Nancy Lloyd
Direct:604.786.0260
Office:604.926.6718

         

 

Why Sign Up?

  • Save your Listing Searches
  • Email Alerts on new Listings
  • See new listings sooner
  • Tag your Favourites for later

Already A Member?

 

Japanese Knotweed - A Growing Concern for Home Owners

 

They have been known to grow through – and rip open – concrete foundations, retaining walls, and driveways, damage drains, destroy native plants and streams, and in general, be one voracious and highly resistant weed.

 

Japanese knotweed is an invasive plant species native to Asia. It’s now growing out of control in parts of the province, including areas of the Lower Mainland, Whistler, and Squamish. Although not out of control here yet, it is prevalent on the North Shore.  Not only can this plant cause considerable damage to homes and surrounding properties, it is also a major threat to our environment and native vegetation.

 

The Government of British Columbia recently classified Japanese knotweed as one of the “noxious provincial weeds” that are regulated under the 2011 BC Weed Control Act. Under this act, an owner has a duty to control noxious weeds growing or located on their land and premises. It is also considered an offence if an owner knowingly fails to do so.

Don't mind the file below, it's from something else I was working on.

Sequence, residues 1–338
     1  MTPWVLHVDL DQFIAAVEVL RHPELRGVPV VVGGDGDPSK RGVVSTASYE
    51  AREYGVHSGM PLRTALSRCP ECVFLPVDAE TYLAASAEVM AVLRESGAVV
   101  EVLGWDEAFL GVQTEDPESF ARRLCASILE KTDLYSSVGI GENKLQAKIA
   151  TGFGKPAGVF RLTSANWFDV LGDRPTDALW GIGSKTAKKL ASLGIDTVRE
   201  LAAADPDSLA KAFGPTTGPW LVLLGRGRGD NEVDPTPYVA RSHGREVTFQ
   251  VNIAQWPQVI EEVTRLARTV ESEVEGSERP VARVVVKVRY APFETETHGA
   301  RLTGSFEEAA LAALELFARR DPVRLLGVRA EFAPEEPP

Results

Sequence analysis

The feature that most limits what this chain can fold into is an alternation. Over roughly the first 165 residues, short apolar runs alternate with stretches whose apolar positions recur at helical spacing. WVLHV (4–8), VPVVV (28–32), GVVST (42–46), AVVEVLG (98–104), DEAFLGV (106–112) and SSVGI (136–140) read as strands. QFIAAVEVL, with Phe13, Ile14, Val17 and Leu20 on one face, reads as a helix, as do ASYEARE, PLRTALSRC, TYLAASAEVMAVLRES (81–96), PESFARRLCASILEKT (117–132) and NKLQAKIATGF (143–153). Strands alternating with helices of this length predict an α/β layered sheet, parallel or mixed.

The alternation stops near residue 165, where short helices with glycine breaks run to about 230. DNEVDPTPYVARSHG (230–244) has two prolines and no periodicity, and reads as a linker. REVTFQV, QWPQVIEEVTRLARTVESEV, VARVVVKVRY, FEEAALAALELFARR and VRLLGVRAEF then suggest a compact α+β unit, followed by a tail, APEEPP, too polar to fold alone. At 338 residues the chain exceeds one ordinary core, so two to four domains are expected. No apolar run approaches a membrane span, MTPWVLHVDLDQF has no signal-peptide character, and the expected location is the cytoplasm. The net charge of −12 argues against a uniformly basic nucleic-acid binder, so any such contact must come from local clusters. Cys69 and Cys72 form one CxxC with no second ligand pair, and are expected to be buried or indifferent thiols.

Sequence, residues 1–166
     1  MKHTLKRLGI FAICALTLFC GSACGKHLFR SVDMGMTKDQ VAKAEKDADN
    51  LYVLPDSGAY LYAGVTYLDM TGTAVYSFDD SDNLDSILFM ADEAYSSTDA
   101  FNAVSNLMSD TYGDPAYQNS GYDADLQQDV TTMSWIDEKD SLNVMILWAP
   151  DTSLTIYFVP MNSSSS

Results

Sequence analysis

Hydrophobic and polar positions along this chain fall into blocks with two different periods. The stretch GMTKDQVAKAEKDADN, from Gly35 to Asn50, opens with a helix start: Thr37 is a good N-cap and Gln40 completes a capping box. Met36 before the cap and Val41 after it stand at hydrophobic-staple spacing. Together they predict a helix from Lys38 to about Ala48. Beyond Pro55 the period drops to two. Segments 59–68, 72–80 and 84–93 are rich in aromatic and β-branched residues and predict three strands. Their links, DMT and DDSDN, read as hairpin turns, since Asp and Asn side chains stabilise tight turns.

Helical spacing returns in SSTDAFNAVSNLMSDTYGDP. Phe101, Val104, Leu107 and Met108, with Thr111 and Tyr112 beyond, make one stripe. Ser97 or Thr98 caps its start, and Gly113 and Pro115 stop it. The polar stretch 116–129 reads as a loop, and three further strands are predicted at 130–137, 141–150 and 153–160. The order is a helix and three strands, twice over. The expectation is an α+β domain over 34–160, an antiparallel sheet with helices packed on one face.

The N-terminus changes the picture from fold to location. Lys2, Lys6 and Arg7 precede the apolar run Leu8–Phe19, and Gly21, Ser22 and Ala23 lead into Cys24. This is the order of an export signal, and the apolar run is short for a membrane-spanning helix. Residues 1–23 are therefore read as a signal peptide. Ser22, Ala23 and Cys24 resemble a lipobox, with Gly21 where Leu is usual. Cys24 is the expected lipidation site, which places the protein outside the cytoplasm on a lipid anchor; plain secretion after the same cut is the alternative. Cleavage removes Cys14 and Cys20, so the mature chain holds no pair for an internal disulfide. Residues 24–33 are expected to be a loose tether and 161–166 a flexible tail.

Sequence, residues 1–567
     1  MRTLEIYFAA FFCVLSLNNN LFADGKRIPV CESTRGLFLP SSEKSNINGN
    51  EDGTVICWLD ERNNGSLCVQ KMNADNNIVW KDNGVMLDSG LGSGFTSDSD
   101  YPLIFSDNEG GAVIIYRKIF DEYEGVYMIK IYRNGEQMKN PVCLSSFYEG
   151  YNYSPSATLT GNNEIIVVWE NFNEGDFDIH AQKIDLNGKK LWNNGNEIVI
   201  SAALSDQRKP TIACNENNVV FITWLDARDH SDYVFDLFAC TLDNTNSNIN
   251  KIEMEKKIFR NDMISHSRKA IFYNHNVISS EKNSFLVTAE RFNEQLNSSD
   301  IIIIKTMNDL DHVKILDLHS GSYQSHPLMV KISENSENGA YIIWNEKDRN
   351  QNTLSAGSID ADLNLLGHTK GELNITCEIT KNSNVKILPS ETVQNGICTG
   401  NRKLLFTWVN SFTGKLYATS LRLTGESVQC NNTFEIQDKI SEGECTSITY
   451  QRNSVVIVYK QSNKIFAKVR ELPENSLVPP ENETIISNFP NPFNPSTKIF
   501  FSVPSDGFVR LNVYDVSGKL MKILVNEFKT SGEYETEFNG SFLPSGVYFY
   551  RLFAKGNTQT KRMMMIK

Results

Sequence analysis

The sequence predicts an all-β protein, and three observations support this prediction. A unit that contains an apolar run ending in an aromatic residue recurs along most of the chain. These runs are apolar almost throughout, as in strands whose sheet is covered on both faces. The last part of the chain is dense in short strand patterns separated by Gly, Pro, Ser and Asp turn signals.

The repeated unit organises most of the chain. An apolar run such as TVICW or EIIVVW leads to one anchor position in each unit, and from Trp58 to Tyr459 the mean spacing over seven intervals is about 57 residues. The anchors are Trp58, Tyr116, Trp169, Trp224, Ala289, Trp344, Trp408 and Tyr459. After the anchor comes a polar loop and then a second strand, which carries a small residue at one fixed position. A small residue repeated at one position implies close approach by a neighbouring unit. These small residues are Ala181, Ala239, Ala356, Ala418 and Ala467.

Once in place, Japanese Knotweed is extremely hard to control and eliminate. The only way to get rid of it permanently is with herbicide that should be injected into its stem.  “It’s one of the most invasive plants in the world. It can’t be cut; it can’t be dug out. 0.2 grams of the plant results in a new one… This is how it spreads so widely on roadsides; mowers go straight over top of it, and they don’t know and quickly you turn one plant into one million plants,” explains Jennifer Grenz, a co-ordinator with the Invasive Plant Council of Metro Vancouver.


You might not be thinking of selling your home today, but downthe road, Japanese Knotweed on your property could alarm potential buyers.  It's best to get rid of it now so you don't have to worry about it later.


For more information, visit the Japanese Knotweed page on the Invasive Species Council of Metro Vancouver web site.


The District of West Vancouver site also has information about Japanese Knotweed.


If you suspect you have Japanese Knotweed but you are unsure, give me a call.  I would be happy to stop by and take a look.